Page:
The smallest options trade a trader can make is for one contract, and that represents 100 shares. Therefore, it is not possible to trade options for a smaller amount than 100 shares unless the underlying security trades in a smaller lot (extremely rare).
When it comes to the futures market, lots are known as contract sizes. The underlying asset of one futures contract could be an equity, a bond, interest rates, commodity, index, currency, and so on. Therefore, the contract size varies depending on the type of contract that is traded. For example, one futures contract for corn, soybeans, wheat, or oats has a lot size of 5,000 bushels of the commodity. The lot unit for one Canadian dollar futures contract is 100,000 CAD, one British pound contract is 62,500 GBP, one Japanese yen contract is 12,500,00 JPY, and one Euro futures contract is 125,000 EUR.
Unlike stocks, bonds, and ETFs in which odd lots can be purchased, the standard contract sizes for options and futures are fixed and non-negotiable. However, derivatives traders purchasing and selling forward contracts can customize the contract or lot size of these contracts, since forwards are non-standardized contracts that are created by the parties involved.
Standardized lots are set by the exchange and allow for greater liquidity in the financial markets. With increased liquidity comes reduced spreads, creating an efficient process for all participants involved.
When trading currencies, there are micro, mini, and standard lots. A micro lot is 1,000 of the base currency, a mini lot is 10,000, and a standard lot is 100,000. While it is possible to exchange currencies at a bank or currency exchange in amounts less than 1,000, when trading through a forex broker typically the smallest trade size is 1,000 unless expressed stated otherwise.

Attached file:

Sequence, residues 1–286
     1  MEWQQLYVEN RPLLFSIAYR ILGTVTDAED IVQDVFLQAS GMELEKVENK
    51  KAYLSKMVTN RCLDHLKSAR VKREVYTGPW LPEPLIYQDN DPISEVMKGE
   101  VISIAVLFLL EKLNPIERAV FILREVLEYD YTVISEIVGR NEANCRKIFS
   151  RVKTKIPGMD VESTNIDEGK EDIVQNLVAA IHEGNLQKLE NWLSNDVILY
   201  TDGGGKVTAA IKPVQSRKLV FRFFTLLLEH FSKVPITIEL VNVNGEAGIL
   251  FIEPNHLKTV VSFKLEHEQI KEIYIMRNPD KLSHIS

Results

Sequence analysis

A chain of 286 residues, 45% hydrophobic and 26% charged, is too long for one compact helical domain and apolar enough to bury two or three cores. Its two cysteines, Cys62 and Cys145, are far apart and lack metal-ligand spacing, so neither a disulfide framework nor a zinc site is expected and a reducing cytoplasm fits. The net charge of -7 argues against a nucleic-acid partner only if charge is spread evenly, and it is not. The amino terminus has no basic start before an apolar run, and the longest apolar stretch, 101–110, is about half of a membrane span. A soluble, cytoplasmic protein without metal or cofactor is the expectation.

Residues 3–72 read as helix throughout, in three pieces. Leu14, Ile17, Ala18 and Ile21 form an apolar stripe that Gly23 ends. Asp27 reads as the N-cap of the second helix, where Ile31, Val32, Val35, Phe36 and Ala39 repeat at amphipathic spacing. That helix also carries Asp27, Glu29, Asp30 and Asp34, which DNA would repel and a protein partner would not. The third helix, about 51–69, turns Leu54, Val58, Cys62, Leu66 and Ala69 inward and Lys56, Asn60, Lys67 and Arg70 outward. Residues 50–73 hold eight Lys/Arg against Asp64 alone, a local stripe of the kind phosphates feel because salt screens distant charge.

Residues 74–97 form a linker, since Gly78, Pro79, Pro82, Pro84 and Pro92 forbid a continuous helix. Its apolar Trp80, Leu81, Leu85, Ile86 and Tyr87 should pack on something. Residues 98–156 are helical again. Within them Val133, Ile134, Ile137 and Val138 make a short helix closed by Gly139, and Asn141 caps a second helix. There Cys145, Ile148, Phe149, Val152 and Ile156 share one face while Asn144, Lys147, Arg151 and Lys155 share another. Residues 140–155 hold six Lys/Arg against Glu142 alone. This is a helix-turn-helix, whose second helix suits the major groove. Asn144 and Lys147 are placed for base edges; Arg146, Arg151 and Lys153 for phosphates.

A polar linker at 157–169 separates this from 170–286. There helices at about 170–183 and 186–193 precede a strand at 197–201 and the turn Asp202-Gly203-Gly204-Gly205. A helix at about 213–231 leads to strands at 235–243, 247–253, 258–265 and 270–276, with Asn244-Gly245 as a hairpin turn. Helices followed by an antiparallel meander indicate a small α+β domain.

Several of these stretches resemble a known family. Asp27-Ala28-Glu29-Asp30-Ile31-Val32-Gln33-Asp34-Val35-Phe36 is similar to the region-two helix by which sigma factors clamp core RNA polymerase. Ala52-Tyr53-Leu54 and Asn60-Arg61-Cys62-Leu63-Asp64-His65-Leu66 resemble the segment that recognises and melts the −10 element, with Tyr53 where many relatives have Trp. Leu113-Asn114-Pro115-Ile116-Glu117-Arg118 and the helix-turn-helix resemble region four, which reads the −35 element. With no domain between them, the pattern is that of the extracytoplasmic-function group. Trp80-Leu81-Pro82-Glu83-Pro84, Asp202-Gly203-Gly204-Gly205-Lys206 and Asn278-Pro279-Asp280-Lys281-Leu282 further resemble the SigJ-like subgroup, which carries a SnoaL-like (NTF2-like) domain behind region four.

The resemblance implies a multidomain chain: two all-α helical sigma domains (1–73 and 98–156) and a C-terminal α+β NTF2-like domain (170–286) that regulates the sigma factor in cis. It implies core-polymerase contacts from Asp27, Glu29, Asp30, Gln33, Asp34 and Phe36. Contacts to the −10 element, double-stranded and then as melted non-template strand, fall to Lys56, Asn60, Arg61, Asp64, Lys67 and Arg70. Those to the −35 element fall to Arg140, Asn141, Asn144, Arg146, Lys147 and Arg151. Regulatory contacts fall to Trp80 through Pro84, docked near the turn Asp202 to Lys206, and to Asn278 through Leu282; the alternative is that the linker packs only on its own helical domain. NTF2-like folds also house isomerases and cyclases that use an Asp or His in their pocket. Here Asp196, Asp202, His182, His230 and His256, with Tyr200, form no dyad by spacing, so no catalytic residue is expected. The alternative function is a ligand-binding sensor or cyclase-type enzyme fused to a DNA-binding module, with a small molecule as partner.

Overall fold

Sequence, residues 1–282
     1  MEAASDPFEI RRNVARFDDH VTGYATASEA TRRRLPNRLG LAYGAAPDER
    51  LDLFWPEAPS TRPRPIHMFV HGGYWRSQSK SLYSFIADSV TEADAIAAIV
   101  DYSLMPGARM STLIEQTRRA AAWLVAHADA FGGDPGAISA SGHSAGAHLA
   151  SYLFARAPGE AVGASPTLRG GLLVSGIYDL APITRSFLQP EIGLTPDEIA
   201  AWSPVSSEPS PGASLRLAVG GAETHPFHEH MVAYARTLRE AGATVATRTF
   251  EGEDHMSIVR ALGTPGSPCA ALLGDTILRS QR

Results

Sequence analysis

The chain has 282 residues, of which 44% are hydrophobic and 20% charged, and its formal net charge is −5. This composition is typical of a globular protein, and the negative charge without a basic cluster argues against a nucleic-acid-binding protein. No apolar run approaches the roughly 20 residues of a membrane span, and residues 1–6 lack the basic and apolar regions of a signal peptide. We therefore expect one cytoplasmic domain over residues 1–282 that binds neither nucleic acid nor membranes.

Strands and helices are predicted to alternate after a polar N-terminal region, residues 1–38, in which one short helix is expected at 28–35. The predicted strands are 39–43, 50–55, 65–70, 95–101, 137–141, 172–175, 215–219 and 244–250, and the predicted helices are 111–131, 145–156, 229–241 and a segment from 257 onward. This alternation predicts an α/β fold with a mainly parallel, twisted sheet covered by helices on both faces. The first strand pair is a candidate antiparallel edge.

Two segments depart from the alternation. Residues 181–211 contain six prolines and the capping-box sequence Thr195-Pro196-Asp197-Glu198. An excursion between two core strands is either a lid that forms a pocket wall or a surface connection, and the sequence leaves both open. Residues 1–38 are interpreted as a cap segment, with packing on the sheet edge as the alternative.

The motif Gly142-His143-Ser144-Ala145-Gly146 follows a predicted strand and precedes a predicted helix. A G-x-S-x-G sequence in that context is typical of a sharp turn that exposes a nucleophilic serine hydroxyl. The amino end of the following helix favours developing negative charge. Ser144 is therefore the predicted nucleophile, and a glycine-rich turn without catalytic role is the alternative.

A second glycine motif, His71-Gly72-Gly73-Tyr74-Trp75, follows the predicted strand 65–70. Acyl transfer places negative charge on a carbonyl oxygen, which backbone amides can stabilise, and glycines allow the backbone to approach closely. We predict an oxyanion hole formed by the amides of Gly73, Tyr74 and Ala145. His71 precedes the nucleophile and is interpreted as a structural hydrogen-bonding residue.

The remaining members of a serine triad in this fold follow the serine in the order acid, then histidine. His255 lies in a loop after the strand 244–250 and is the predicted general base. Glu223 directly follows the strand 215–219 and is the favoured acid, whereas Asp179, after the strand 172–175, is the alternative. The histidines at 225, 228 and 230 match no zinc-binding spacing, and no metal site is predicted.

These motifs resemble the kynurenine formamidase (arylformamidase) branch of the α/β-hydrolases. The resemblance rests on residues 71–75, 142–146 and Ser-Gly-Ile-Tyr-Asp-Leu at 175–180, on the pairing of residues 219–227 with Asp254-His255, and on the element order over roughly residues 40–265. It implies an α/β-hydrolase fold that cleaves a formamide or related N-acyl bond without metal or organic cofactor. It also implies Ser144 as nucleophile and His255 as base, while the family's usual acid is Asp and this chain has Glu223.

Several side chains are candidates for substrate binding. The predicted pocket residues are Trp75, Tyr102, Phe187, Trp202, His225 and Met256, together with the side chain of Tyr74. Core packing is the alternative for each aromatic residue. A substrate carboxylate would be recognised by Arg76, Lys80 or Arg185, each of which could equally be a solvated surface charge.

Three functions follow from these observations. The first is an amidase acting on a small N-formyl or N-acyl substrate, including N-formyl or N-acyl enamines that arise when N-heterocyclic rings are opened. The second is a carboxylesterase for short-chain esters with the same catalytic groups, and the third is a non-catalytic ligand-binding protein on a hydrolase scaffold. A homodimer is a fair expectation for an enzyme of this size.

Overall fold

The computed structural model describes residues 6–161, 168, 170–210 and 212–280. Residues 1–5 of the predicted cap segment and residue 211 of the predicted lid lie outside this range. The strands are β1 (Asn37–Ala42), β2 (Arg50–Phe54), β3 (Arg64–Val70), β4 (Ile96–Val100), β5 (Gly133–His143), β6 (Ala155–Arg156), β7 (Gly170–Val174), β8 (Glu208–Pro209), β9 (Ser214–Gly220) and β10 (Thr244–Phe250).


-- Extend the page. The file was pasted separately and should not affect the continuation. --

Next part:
Examples of a Lot in Trading
In the options and futures markets, trading in lots isn't as much of a concern since you can trade any number of contracts desired. Each stock option will represent 100 shares, and each futures contract controls the contract size of the underlying asset.
In forex, a person can trade a minimum of 1,000 of the base currency, in any increment of 1,000. For example, they could trade 1,451,000. That is 14 standard lots, five mini lots, and one micro lot.
In a stock trade, a person can trade in odd lots of less than 100 shares, but odd lot orders less than 100 shares won't be shown on the bid or ask unless the odd lots total more than a round lot.
Assume that a stock has a bid of $50.10 and an offer of $50.35. These are the bid and offer because there are at least 100 shares being bid and offered at those levels. If a trader were to place an order for 50 shares at $50.20, the bid would still stay at $50.10 and the 50 share order at $50.20 wouldn't be visible on the level II to most traders. The reason is that the order is not for a round lot. Round lots change the price while odd lots do not.
Assume another trader decides to also place a 70 share order at $50.20. There are now more than 100 shares being bid at $50.20, so the bid will increase to $50.20.